Been too long since our last update, although hopefully most of you have seen updates on the Mosquito on its Farcebook page. Denys is planning another Hudson update so I won't steal that thunder from him, but in between he has found time to knock this little number up:
This is of course the main gear for the F27.
The Hiller UH-12 is coming along nicely.
Look back there was a photo of young Tim with his newly finished Allison C20 engine. Turns out it wasn't quite finished, at least from his perfectionist point of view. Here is a little bit of his workmanship - this guy is still shy of his 16th birthday and he is a real asset to the group:
As work winds down on the UH-12 (pending the arrival of more bits) the FH-1100 project appears to have gotten underway today. Photos soon!
Post by Dave Homewood on Jun 4, 2017 21:46:17 GMT 12
Here's the latest update from Denys:
"Alex said that I was planning a bit of an update so best I do!
Things on the Hudson front have been ongoing but not the sort of things immediately obvious.
Way back in the 1970s we acquired a number of the rail portions of the "Universal Carrier Type 1 Mk3", otherwise recognised as the general bomb rack appropriate for such things as Mosquito and Hudson, but these were lacking various items of equipment to complete them, specifically the "slip release" or "bomb latch" and the electric release control therefore. A few weeks back a lot appeared on Trademe offering a number of each of said items which fortunately had a buy now price which we just couldn't pass up. Subsequently the seller also offered us more of the same which we naturally acquired.
Now we've divvied up the bits between the Mosquito and Hudson projects. The Mossie needs two racks and believe it or not a fully equipped Hudson needs nine so we're still in the market for more bits if anyone out there can assist but I've so far got nearly three complete units made up as shown.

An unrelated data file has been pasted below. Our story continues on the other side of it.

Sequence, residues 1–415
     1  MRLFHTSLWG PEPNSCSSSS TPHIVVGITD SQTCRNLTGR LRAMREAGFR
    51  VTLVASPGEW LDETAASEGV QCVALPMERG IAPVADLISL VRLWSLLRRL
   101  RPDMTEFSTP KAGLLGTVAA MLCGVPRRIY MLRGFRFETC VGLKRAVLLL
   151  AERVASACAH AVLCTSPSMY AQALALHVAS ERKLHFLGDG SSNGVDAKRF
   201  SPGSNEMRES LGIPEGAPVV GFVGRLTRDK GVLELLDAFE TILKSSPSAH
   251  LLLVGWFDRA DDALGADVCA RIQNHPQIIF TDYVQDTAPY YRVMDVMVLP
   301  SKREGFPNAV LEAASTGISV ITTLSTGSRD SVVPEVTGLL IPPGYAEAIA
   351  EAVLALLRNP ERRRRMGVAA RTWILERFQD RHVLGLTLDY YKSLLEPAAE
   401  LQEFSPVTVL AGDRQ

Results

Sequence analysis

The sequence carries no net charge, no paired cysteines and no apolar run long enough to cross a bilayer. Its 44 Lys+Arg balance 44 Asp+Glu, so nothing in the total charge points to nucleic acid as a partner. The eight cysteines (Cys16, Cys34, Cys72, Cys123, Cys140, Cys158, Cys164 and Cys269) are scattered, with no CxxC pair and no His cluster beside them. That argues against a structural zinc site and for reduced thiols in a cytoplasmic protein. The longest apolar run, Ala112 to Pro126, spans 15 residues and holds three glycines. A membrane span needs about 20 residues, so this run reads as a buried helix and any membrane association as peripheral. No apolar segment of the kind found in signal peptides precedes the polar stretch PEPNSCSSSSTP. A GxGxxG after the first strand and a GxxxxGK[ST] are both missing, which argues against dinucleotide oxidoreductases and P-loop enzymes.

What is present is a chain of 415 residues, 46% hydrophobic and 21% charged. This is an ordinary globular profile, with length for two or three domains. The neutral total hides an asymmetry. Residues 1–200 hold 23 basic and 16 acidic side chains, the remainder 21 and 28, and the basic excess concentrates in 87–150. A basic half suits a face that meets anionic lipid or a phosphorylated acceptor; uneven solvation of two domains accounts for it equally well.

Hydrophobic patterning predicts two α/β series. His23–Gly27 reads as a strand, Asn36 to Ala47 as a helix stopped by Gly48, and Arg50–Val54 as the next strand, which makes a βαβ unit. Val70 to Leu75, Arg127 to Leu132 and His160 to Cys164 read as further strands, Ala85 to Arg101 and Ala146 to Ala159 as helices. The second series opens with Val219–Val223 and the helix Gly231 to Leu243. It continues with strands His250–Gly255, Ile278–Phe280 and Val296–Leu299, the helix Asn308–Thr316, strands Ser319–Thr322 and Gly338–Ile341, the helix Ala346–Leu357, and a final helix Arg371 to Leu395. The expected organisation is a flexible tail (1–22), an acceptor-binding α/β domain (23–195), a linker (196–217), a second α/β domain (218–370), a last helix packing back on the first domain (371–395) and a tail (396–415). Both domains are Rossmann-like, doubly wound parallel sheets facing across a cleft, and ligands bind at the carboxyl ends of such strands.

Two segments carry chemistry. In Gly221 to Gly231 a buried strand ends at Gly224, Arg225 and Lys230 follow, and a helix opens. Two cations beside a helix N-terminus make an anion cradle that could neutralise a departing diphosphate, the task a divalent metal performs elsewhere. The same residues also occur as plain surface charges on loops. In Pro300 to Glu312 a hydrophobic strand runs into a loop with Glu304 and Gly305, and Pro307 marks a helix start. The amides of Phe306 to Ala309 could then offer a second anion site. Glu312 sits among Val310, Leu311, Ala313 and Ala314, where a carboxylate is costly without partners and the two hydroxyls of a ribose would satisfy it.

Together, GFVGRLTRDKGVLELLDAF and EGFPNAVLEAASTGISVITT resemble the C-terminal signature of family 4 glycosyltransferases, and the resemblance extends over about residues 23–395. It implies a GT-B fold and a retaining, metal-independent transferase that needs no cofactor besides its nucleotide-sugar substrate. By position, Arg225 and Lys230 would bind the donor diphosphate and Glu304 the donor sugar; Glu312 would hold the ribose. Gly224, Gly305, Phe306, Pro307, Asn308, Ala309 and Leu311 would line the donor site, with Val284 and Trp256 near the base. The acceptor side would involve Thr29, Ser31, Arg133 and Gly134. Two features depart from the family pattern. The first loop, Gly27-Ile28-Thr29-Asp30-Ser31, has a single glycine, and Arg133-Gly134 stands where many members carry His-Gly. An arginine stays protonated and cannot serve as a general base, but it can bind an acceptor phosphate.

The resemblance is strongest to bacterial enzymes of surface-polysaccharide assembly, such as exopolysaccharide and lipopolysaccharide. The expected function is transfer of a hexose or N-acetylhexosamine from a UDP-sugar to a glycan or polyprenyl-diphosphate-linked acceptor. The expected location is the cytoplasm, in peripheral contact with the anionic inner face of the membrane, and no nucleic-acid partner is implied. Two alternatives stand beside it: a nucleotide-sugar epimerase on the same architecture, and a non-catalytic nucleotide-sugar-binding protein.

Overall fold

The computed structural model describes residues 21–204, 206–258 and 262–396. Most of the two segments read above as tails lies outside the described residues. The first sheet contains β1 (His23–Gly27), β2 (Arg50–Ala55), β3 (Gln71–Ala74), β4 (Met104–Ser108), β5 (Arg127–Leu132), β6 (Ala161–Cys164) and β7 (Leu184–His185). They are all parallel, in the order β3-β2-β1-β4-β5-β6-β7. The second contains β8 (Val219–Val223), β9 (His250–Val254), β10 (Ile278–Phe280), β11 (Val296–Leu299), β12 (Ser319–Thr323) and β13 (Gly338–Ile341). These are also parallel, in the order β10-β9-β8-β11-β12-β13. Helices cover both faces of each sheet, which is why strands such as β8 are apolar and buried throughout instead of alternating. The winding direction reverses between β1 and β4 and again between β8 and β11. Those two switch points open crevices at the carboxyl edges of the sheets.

You'll be able to clearly see the slip release and release controls in the centre of the three units shown. What we're short of is another 5 of the main rail components and heaps of the black legs (these are what I refer to as sway stays as they screw onto the bombs to stop them flapping about). Also at the right are two cables on each rack, that go into a circular junction box and we're after 11 of them.
Whilst not doing this, work has been on-going on the F-27 in the port nacelle area. I've now removed the upper "lid" (its actually a fibre-glass item) to gain access to the upper skin areas of the centre-section so covered, and have been working from the forward face (right side of shot) rearwards down to the left. In the shot you can see the upper side now refurbished and resplendent in the green while the lower side is work in progress. Note the skin stiffener in the finished area that runs down from the right and off in a crook to the left while it's lower mate is missing. That's because its turn has come to be removed to get to the corrosion between it and the skin which is readily visible as either creamy powder or dark grey spots just forward of the curved frame.
Every instance of layered components has this corrosion in between them hence the amount of work to do. Once this is dealt to (god bless striptex disks and scotchbrite pads) it will be back down below to attack the area below those eight cut-outs as under there is where the undercarriage leg attaches. More to follow!
Further to Deny's post above, the Mossie needs one more Universal Carrier Type 1 Mk III, preferably of this pattern (slightly different to those above):
Naturally we'll consider any carriers or parts thereof that might come our way. We are also after one of these wing hardpoint carriers, which have a similar release mechanism inside the aerodynamic fairing:
HUGE thanks to Anthony Galbraith for scoring this one for us. Incidentally, Anthony seems to go everywhere with the needs and wants of his friend's projects in the top of his mind - I'm sure we aren't along in frequently benefiting from his sharp eyes and his generosity.
Post by skyhawkdon on Jun 11, 2017 20:43:43 GMT 12
I bet Wigram has a few. Have you talked to them? They are currently in the process of transferring everything from their store at Weedons to Wigram and there is gong to be a huge clean out at some point in the near future. There just isn't room at Wigram for everything.